Plaintiffs then filed this action and recorded a Notice of Lis Pendens which described the land.
The first cause of action of the first amended complaint (verified) is for specific performance of the agreement (escrow instructions) and includes allegations that the agreed sales price of the property was $50,000, and that plaintiffs are informed and believe and therefore allege that $50,000 was the fair and reasonable value of the property.
The second cause of action of that complaint is for damages for breach of the agreement, and it alleges, among other things, that by reason of the breach plaintiffs were damaged in the amount of $25,000, which is the difference between the agreed price, $50,000, of the property, and the value, $75,000, as of the date of the breach. The prayer is for specific performance of the agreement or, in the alternative, for $25,000.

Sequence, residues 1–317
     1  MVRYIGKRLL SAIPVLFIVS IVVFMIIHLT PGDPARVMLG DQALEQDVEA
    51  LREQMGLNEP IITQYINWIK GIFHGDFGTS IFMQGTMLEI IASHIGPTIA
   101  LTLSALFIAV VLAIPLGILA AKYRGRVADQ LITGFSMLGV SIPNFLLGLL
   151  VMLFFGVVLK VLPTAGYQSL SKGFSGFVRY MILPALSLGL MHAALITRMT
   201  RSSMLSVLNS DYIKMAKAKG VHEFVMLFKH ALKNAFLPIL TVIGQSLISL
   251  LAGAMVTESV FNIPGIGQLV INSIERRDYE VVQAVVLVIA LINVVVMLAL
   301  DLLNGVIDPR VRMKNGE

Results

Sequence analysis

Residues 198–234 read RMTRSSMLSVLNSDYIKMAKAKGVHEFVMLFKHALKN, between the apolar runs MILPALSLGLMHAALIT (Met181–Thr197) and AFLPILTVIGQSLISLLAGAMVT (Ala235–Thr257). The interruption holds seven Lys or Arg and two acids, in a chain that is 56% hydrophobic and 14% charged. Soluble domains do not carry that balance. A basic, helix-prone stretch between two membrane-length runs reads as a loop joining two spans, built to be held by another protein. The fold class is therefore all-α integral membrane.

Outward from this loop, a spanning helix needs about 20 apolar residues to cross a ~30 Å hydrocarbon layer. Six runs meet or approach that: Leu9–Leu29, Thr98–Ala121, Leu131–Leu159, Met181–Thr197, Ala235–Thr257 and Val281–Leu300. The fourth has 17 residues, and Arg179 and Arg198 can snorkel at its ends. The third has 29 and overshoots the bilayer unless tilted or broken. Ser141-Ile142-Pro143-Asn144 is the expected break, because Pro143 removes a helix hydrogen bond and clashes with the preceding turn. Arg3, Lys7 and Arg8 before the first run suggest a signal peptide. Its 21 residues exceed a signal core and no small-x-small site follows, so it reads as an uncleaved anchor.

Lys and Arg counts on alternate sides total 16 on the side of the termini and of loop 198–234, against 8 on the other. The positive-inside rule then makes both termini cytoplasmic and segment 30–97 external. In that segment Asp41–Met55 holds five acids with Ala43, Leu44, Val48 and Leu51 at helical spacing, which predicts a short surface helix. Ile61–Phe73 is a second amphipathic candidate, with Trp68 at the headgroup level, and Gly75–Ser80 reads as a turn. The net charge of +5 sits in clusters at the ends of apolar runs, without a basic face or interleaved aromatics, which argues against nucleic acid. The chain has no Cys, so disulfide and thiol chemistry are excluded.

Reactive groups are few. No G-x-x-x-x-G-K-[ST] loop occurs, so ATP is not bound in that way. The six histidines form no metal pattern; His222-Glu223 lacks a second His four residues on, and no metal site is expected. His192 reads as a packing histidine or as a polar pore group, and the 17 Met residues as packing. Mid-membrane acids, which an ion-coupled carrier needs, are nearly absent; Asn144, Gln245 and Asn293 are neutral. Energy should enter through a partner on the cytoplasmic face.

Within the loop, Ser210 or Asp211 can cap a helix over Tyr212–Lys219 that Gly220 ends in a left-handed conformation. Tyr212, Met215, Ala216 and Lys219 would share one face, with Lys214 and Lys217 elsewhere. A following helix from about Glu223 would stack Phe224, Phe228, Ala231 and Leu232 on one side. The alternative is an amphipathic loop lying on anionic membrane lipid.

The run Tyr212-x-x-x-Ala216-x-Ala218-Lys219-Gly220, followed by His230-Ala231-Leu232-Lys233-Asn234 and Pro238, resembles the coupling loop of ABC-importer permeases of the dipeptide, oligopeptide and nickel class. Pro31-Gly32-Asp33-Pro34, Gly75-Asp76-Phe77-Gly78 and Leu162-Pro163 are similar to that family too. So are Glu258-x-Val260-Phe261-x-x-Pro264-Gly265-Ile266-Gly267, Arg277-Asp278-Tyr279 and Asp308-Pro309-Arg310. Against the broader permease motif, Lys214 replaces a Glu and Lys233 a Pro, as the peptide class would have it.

The trial proceeded on plaintiffs' first amended complaint and the answers thereto. Several witnesses called by the plaintiffs testified as to the value of the property on May 21, 1964 (date when Lindsay repudiated agreement by cancelling escrow instructions). Mr. Snorgras, an appraiser, testified that the value was $76,000. Mr. Ghiglia, a real estate broker, testified that the value was $80,000 to $100,000. Mr. Lindsay (called as a witness under Evidence Code, s 776) and Dr. Brandolino testified that the value was $100,000. Plaintiff High testified that the value was $80,000 to $90,000. The judge stated that since plaintiffs' own witnesses testified that the value of the land exceeded the purchase price ($50,000), the purchase price was not the fair and reasonable value of the property, and that specific performance would be denied. Plaintiffs' counsel said that plaintiffs would abandon the cause of action for specific performance.